• I almost thought that I wasn’t going to read anything by Amy Rose Capetta ever again, after being disappointed by Echo After Echo and being annoyed at the existence itself of The Brilliant Death. But The Lost Coast was amazing, and so queer, and such a welcoming story about the importance of community and acknowledging your own power.
7: Favorite New Author (Debut or New To You)


I thought I was going to have to repeat myself and say Arkady Martine, but technically I read two of her short stories last year, so she isn’t exactly new to me! My answer for this one is Victoria Lee, author of The Fever King, possibly the best dystopian book I’ve ever read.

There are those books you like, there are those books you love but in a… distant way? You think about them, but they don’t follow you. Then there are those that take root in your brain. I thought about The Fever King every day for at least a month and a half, which… usually doesn’t happen. I can only count two other books (or, should I say, two series) that did the same to me for longer. If you’ve been here a while, you probably already know which ones I’m talking about.

8: Newest Fictional Crush

I always feel weird about this question, as I don’t even get crushes on real people, so I’m going to see it as “character I’m very into, even though they’re kind of evil”, because that’s the closest I ever get to something like that.

And the answer this year is Nineteen Adze, “whose gracious presence illuminates the room like the edgeshine of a knife”, from A Memory Called Empire, because what can you expect from me when it comes to very morally ambiguous and just as competent female characters (I’m in love.)

9: Newest Favorite Character


Millicent “Millie” Roper from Borderline by Mishell Baker. She’s such a well-written, complex, and sometimes horrible character. I loved her and her voice so much, and I will always like reading about a main character who is impulsive and really good at lying (it makes for interesting plot developments). Also, she’s an amputee who lost her legs in a suicide attempt and has borderline personality disorder, and I had never read about a character who was either before.

10: A book that made you cry


None, but the one that got closer was The Weight of the Stars by K. Ancrum. And… probably for the wrong reasons? I loved this book, but I found the idea of some things the characters wanted from their future so upsetting that I was in a really weird place emotionally for a few hours.

11: A book that made you happy


Second place for the “which book made you cry” question is Dragon Pearl by Yoon Ha Lee, because I did seriously almost cry of happiness after I finished this. This story gave me so much joy, I had almost forgotten books could do that. And Nim!! Such a shapeshifting disaster of a 13-year-old, she was one of my favorite protagonists this year.

12: Favorite adaptation

This time I can answer, because I’ve seen two! To All the Boys I’ve Loved Before and Love, Simon. Honestly, as adaptations, they were both really good? As story, I enjoyed Love, Simon more, but that’s more because romance-focused stories on a screen are never that much my thing. As aesthetic/setting, however, TAtBILB was more interesting, and maybe I like Lara Jean as a character a bit more than Simon (don’t really care for her love interests, though).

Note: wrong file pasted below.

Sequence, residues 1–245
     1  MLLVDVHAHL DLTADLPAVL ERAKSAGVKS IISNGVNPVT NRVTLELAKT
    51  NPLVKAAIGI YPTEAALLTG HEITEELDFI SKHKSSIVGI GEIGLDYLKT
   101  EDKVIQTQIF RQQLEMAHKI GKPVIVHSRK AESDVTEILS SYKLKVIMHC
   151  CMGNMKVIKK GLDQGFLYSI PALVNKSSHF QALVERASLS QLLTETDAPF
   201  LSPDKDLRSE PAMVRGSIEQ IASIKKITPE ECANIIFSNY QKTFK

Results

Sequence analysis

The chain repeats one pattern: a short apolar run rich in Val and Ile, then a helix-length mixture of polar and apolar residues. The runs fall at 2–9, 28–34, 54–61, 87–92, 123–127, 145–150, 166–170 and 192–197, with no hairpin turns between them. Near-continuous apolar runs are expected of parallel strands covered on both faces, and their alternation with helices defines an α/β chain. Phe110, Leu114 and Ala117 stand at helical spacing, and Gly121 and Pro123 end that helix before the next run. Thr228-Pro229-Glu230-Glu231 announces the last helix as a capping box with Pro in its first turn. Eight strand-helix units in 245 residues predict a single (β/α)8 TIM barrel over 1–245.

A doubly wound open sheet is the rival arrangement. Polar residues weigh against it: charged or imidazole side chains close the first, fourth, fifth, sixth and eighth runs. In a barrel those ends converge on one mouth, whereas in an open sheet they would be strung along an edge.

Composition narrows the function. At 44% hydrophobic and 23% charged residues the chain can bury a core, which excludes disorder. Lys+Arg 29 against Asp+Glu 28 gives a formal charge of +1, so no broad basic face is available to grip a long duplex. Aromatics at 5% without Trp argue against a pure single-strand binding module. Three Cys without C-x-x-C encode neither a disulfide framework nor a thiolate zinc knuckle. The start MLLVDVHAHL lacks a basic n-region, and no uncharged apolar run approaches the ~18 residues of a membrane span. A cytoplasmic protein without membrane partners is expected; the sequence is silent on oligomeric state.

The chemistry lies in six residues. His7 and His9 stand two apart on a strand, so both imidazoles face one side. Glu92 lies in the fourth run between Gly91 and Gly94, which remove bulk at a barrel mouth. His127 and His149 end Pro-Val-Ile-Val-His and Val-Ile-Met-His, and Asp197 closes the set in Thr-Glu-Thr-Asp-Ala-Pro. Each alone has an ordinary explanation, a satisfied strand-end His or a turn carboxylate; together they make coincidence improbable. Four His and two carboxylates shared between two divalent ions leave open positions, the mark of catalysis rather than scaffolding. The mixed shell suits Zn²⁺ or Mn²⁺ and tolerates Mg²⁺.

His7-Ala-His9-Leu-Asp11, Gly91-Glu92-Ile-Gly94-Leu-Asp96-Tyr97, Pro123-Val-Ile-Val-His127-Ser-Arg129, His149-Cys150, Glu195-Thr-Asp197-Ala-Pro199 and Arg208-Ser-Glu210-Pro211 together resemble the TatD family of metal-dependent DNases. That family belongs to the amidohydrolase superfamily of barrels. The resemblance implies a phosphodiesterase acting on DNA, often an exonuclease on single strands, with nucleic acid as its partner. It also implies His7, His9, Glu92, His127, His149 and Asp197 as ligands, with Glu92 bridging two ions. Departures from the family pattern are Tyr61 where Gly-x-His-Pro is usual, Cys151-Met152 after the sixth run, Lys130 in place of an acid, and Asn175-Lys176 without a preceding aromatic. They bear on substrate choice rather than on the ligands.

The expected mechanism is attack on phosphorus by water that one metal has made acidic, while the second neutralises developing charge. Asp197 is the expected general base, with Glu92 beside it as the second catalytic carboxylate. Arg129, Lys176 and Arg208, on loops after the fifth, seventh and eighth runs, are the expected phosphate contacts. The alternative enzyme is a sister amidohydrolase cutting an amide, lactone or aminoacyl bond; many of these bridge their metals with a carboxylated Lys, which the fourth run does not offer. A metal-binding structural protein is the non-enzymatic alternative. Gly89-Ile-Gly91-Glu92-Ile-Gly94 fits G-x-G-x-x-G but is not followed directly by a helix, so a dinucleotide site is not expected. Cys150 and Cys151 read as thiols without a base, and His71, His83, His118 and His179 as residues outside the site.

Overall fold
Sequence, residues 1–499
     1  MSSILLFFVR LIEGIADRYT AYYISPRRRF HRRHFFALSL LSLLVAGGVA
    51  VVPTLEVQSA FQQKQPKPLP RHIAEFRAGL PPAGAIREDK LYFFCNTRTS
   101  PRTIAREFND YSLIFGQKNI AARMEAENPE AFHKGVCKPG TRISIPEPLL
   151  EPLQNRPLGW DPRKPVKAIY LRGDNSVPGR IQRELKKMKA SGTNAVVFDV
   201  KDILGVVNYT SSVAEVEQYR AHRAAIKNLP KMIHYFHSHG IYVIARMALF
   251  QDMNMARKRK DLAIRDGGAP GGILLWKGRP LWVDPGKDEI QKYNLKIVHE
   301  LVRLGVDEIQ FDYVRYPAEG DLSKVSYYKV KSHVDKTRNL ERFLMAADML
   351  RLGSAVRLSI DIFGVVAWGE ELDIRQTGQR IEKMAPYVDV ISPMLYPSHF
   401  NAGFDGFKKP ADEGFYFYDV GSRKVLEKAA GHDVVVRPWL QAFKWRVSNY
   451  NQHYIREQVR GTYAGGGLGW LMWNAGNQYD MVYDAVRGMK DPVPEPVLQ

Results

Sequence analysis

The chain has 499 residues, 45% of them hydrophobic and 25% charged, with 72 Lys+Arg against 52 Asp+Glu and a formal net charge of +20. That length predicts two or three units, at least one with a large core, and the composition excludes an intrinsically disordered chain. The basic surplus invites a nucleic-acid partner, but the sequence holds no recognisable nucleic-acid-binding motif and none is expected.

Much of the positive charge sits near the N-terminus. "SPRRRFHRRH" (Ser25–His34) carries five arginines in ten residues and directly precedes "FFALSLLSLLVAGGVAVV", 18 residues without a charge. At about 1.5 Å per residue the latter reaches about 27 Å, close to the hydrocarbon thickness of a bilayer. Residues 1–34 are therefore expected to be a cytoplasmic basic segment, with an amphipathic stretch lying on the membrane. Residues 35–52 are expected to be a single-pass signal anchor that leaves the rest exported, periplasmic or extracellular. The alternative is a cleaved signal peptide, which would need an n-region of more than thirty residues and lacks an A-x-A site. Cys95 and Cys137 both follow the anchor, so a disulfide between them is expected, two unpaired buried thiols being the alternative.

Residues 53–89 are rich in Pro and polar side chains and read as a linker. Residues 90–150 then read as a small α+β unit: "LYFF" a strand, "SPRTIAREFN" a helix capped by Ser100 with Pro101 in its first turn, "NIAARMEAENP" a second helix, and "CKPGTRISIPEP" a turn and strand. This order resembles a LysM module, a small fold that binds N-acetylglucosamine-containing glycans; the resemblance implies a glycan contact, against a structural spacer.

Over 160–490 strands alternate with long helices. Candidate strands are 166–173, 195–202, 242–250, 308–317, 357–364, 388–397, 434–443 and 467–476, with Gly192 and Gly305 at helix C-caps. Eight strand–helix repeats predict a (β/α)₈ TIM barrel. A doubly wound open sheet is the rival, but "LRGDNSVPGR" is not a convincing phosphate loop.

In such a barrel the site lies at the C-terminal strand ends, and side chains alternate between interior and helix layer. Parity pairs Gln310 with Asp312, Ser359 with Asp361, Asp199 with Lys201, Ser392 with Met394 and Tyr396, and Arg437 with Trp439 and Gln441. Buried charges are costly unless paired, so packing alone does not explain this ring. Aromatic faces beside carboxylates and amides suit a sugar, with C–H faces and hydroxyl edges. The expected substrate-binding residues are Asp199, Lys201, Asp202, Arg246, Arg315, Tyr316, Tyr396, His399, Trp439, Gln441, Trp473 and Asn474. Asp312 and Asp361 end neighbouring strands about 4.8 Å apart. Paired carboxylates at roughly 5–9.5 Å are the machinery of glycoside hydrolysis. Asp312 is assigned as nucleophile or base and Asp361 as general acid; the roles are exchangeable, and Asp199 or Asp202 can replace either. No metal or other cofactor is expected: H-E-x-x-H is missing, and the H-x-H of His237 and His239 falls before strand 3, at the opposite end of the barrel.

13: Favorite post you’ve written

On Ratings and Being Critical. I probably should have made the message about “appreciating books more the more you read instead of the expected contrary” clearer, but I still really like it.

14: Most beautiful book you bought or received so far this year

If we’re talking about physical copies, then definitely Monstress Vol. 3 by Marjorie M. Liu & Sana Takeda. The art in this series is one of the best things I’ve ever seen, and there’s one specific panel (at the beginning of Issue/Chapter 14) in which there’s a villainess sitting on a throne (I!!!!) and wow that was attacking me personally

If ebooks count, then it’s Laura Dean Keeps Breaking Up With Me by Rosemary Valero-O’Connell. The art in this one… so soft. Those panels. So much emotion. I almost want a physical copy just for that, I hope they translate it.

15. A book you want to read before the end of the year:

AHAHAHA all of them

But it would be nice if I managed to read King of Scars before the year ends! I won’t count on it because I still have to reread Ruin and Rising, which I have no intention of doing anytime soon (…it’s so not a summer book)

Also: I’m going to make at least another attempt at reading The Fifth Season or The Traitor Baru Cormorant (two books I know will be difficult to read for me emotionally) before the year ends.

How is 2019 going for you? Have you read any of these?


TBR & Goals

Tentative July TBR

Despite June being exam month, the all-queer TBR turned out to be mostly a win (more on that below), and I hope I’ll be able to read just as much in July, which is also exam month.

How June Went

  • The Lady’s Guide to Celestial Mechanics by Olivia Waite – read, ★★★★½ (review)
  • This Is How You Lose the Time War by Amal El-Mohtar & Max Gladstone read, ★★★★½ (RTC)
  • The Love Song of Sawyer Bell by Avon Gale – currently reading [might manage to finish it by the time the month ends]
  • Shatter the Sky by Rebecca Kim Wells – DNF, no rating (short GR review)
  • All of Us With Wings by Michelle Ruiz Keil DNF, no rating (I chose not to review this, but feel free to ask)
  • Chameleon Moon by RoAnna Sylver DNF, no rating (short GR review)
  • The Watchmaker of Filigree Street by Natasha Pulley – read, ★★★ (review)
  • Leah on the Offbeat by Becky Albertalli – read, ★★★★ (review)
  • Release by Patrick Ness – read, ★★★½ (RTC)

This is, of course, not all I’ve read this month. I wish I could have DNFed less books, but I can’t always guess what is going to work for me by the synopsis and reviews alone, especially when two of the books are ARCs.